Six stories to watch as NFL training camps kick into high gear

Beating an old Wisconsin bully currently ranks high on the to-do list for a new Vikings regime that takes a fresh look at how the hell a Minnesota team can finally win a Super Bowl.

It would help, of course, if Purple’s 38-year-old nemesis played his NFL age as he entered his 18th birthday.e season. But no, Aaron Rodgers, the two-time reigning MVP and four-time league MVP, stole the opening bell of NFL training camps this week as he arrived in Green Bay on Monday looking happy, healthy and exactly like a Nicolas Cage buff in “Air Conditioning.”

“The first way to get into the game is to win your division,” Vikings general manager Kwesi Adofo-Mensah said when asked how much of his “competitive rebuild” was focused on A-Rodg and the Cheeseheads.

As Rodgers’ enemy fans in NFC North know all too well, the Vikings, Bears and Lions generally fare just as well against Rodgers as the villains do against Cage in “Con Air.”

Rodgers is 58-21-1 in the division, including 17-10-1 against the Vikings. Since becoming a starter in 2008, he has won eight of 14 division titles, including the last three, in seasons in which Anthony Barr did not break his collarbone in Week 7.

Rodgers, of course, has a bigger goal that has eluded him and shaken his legacy a bit over the past 12 seasons: a return to the Super Bowl for the first time since winning his only ring that season. 2010.

He and 42-year-old coach Matt LaFleur – now entering his fourth season as the division’s longest-serving coach – have had three consecutive 13-win seasons, two consecutive No. 1 seeds and still no appearances. at the Super Bowl. And they head into this year after trading All-Pro receiver Davante Adams to Las Vegas and losing Marquez Valdes-Scantling via free agency.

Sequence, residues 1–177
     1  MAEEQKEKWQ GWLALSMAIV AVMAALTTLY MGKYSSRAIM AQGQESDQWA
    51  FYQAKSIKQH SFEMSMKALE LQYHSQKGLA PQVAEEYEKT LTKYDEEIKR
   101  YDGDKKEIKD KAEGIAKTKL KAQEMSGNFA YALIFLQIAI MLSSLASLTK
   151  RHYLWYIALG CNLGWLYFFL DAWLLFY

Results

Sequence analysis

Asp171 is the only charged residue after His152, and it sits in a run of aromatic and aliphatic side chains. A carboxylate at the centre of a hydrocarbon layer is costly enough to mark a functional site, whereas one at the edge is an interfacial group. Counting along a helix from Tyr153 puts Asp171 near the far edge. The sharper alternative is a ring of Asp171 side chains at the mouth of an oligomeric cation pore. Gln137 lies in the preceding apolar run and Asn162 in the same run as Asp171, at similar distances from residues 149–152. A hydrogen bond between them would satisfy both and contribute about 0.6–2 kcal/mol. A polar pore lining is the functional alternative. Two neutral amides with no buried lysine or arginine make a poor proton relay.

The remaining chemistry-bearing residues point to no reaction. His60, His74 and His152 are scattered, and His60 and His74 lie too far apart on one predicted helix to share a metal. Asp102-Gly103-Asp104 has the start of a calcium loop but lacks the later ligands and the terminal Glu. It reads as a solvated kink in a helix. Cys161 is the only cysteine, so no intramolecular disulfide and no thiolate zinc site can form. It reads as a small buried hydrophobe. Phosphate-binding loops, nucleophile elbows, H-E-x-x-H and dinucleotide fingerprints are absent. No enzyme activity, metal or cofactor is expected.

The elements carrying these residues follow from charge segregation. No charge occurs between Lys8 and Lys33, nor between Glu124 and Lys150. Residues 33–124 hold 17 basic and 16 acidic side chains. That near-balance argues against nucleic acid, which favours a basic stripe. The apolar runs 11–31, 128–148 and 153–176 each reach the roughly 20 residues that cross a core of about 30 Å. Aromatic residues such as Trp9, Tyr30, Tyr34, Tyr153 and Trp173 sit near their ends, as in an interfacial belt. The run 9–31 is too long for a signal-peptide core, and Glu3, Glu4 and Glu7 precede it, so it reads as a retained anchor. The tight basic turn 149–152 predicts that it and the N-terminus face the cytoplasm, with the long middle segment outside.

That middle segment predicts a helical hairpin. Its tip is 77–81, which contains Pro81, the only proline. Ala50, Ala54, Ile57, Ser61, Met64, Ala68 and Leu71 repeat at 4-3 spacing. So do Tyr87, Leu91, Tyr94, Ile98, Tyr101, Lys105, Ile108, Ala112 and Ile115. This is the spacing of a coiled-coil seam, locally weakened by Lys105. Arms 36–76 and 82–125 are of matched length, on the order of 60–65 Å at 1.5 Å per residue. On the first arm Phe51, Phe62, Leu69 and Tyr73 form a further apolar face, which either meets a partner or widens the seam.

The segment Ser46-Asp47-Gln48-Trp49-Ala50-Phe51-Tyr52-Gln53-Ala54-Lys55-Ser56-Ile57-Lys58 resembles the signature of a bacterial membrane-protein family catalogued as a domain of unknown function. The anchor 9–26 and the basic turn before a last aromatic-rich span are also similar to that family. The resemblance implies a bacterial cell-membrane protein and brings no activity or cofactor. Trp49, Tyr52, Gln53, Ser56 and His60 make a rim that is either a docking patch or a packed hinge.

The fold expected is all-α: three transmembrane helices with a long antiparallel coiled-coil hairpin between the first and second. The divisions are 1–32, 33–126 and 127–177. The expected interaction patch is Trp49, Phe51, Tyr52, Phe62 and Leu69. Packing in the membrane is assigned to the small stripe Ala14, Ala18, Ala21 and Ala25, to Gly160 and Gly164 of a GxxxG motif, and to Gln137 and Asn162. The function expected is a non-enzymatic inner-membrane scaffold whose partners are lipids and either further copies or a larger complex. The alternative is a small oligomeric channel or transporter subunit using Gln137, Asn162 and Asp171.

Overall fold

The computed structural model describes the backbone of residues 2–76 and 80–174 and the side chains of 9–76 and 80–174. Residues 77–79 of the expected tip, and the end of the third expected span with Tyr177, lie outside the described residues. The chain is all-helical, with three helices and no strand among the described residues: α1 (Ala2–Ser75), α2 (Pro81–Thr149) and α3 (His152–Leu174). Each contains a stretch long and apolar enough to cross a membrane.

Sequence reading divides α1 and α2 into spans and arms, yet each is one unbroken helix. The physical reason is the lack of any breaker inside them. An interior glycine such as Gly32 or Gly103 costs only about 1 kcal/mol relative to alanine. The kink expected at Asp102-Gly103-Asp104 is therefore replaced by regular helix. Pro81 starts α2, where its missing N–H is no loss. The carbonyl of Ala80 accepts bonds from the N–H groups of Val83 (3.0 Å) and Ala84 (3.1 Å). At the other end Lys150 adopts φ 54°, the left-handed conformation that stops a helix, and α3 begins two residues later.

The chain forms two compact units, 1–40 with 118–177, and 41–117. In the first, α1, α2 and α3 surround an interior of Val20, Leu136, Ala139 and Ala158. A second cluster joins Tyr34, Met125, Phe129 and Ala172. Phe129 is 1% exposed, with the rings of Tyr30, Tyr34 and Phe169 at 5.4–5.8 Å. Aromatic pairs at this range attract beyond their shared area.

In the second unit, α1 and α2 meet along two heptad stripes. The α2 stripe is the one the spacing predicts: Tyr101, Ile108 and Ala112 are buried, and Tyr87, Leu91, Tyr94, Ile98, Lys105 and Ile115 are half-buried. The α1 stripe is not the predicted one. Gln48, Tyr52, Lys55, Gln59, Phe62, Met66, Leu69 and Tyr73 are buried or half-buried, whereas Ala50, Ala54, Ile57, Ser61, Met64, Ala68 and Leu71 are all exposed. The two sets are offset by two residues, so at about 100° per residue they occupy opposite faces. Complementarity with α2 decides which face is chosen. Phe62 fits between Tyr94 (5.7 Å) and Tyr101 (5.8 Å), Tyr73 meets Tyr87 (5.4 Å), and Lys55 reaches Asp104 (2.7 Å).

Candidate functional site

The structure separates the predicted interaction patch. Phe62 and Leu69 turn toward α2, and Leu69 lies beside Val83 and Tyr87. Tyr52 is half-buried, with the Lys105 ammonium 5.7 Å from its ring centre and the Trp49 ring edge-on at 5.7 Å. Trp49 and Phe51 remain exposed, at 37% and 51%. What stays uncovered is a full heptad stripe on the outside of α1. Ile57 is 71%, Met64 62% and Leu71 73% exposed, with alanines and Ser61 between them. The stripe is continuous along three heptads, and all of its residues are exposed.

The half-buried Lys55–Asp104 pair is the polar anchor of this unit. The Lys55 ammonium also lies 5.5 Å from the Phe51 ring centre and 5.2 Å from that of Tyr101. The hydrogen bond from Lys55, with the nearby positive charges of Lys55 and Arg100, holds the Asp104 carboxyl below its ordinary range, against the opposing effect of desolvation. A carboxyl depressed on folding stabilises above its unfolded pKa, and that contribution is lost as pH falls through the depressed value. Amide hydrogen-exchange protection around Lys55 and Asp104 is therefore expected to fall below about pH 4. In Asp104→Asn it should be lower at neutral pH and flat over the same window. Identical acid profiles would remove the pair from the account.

It will take another MVP-caliber performance from Rodgers for the Packers to finally break through. If Rodgers wins again, he’ll tie Peyton Manning’s record of five in a row and Brett Favre’s mark of three in a row.

First up for Rodgers this season is a trip to US Bank Stadium to face a new 3-4 Vikings defense led by former Packers defensive coordinator Ed Donatell. So, Vikings safety Harrison Smith, how will that defense fare against Rodgers compared to former coach Mike Zimmer’s defense that went 8-7-1 against Rodgers?

“I guess we’ll find out very soon,” Smith said. “He’s going to be tough against any defense you throw at him. You obviously know that, and we all know that. He’s kind of seen it all, and he’s got the tools, the conscience and the arm to make things happen against n anything.”


“I saw his look when he showed up at camp [Monday]”, continued Smith. “I appreciate, because I myself am a fan of Nic Cage, as we have already discussed. So that’s a good look. It adds a little more, even.”

Here are five more stories to watch during NFL training camps:

1. Will the Rams’ risky formula work elsewhere?

Les Snead, the happiest general manager the NFL has ever seen, used a swashbuckling plan that won the Rams the Super Bowl while providing the rest of us with the most exciting offseason ever. league history. Now is the time to find out if Los Angeles’ all-in, future-be-sarned ethos will reap another immediate Lombardi Trophy. Denver sent two first-rounders, two second-rounders, one fifth-rounder and three players to Seattle for quarterback Russell Wilson. Miami handed the Chiefs five draft picks — including first- and second-rounders this year — for 28-year-old wide receiver Tyreek Hill. The Raiders gave the Packers a first- and second-round pick for 29-year-old receiver Davante Adams. And, of course, the Browns gave up six picks, including three first-round picks, for Houston quarterback Deshaun Watson, a guy who hasn’t played since 2020 and was still facing 22 civil lawsuits for sexual misconduct. at the time of the exchange.